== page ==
How Can Disabled Drivers Get in to Motorsport?

Article by Christian Andrei, on January 14, 2013

Motorsport is not the first thing you might think of when you look at competitions that disabled people can get involved with. It can be fast paced and dangerous, but in Britain, there’s a dedicated organisation that helps those with disabilities get their licences to compete alongside everyone else. It’s not an easy task, but many disabled racing drivers have gone on to have considerable success. You might be surprised at just how many people have the chance of getting a competition licence from the MSA. The British Motorsport Association for the Disabled can help those with a huge number of conditions get out on the track. There are drivers with a variety of amputations, arthritis, motor neurone disease, and even Parkinson’s.

Those with certain visual or hearing impairments are also eligible. The only cases in which a licence cannot be granted are those with epilepsy or severe heart problems. There are a great number of event types, and several licences which are available. This ranges from entry-level karting, to international rallying, and for obvious reasons, some licences are easier to come by than others. Often, cars will have to be modified to accommodate whatever the driver might need. This is similar to the way companies like Allied Mobility offer cars which can be driven from a wheelchair. Usually this means adding hand controls or foot pedals, so that the driver can still operate the vehicle as well as anyone else could.

This does make things slightly more expensive, although racing is never going to be a cheap hobby. One of the priorities of those who modify cars is ensuring that things are fair; no competitor should have an unfair advantage. Rules stipulate that in nearly all events, the driver must be able to exit his or her vehicle within either 7 or 10 seconds in the event of an accident. This is one of the biggest barriers to those with disabilities. Safety is paramount in motorsports, and it cannot be compromised under any circumstances. This rule is in fact in place for the safety of other drivers, the race officials and spectators. If you’re looking to get into motorsports, whether disabled or not, then the best place to start is at a local club. You can find out more about the different events, and what it takes to get a licence. Don’t let anything stop you getting out on the track.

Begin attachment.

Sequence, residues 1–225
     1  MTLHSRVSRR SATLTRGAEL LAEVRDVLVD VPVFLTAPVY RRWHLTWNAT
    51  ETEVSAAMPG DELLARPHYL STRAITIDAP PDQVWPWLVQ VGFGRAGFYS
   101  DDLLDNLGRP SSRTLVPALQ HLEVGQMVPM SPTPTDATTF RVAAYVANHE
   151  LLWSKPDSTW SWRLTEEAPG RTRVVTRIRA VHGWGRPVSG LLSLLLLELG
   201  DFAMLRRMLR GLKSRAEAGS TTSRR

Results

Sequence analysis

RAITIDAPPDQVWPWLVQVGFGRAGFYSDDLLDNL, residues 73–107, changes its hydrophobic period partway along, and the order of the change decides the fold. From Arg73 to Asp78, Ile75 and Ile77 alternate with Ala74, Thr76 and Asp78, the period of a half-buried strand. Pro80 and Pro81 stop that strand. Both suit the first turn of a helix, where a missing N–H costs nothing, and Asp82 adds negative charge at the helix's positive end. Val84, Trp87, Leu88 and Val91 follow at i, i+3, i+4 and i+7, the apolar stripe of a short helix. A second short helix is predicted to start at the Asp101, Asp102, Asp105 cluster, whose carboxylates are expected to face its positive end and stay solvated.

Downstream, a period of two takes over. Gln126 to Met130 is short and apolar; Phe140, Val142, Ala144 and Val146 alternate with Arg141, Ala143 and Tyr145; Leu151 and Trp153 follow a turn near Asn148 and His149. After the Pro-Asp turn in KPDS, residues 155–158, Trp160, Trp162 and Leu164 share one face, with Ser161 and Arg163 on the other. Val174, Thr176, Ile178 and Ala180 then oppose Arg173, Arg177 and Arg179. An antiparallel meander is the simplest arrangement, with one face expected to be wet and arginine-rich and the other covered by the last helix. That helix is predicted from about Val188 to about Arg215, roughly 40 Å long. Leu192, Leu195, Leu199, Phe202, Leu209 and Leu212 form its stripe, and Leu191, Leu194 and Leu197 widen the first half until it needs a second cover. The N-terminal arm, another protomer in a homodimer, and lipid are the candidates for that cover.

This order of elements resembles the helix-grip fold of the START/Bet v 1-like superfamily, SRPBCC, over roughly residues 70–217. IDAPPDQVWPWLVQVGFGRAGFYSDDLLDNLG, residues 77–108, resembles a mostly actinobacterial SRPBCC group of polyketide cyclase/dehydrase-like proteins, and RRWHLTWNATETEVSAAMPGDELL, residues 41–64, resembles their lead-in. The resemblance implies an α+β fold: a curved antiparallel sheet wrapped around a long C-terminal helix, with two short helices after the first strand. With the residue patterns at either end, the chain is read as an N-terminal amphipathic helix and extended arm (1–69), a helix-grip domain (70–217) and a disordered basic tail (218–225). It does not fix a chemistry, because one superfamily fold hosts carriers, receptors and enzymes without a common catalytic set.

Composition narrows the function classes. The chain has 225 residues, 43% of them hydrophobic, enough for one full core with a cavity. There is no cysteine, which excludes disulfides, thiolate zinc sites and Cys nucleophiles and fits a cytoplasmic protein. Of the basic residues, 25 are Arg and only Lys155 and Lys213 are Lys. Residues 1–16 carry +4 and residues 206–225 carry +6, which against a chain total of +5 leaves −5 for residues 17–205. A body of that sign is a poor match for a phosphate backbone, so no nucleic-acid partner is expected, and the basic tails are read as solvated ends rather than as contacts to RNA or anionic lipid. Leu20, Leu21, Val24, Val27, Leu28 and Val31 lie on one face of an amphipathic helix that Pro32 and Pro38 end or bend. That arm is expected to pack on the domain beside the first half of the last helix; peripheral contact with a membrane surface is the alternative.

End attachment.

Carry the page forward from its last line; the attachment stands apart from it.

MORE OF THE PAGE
If you liked the article, share on:

Comments

Login or Create new account to add a comment!

Recommended

Mercedes-AMG finally races along with other car manufacturers in the GT4 category. Since there’s an increasing trend for this segment, we think they’ve made it just in time along with...
by - December 7, 2016
The recently held Finali Mondiali weekend event has uncovered the Ferrari 488 Challenge. The 488 Challenge now boasts a new level of performance as a result of its newly enhanced...
by - December 6, 2016
After we’ve seen the disguised prototypes several weeks ago, Hyundai at last took the wraps off its new i20 WRC at Italy’s Autodromo Nazionale Monza racing circuit. Hyundai was the...
by - December 5, 2016
Car enthusiasts will be happy to know that after 14 years of not being seen in the tracks, Cadillac is slated to make a comeback to endurance racing. Cadillac has...
by - December 2, 2016
Nico Rosberg of Mercedes-Benz was crowned as the victor of the 2016 FIA Formula One World Championship in a thrilling finish. The last leg of this season was the Abu...
by - November 29, 2016
Facebook

Youtube Channel

Tip Us
Do you have a tip for us?
Did you film an important event?
Contact us
Newsletter
Subscribe to our newsletter!
Subscribe
Galleries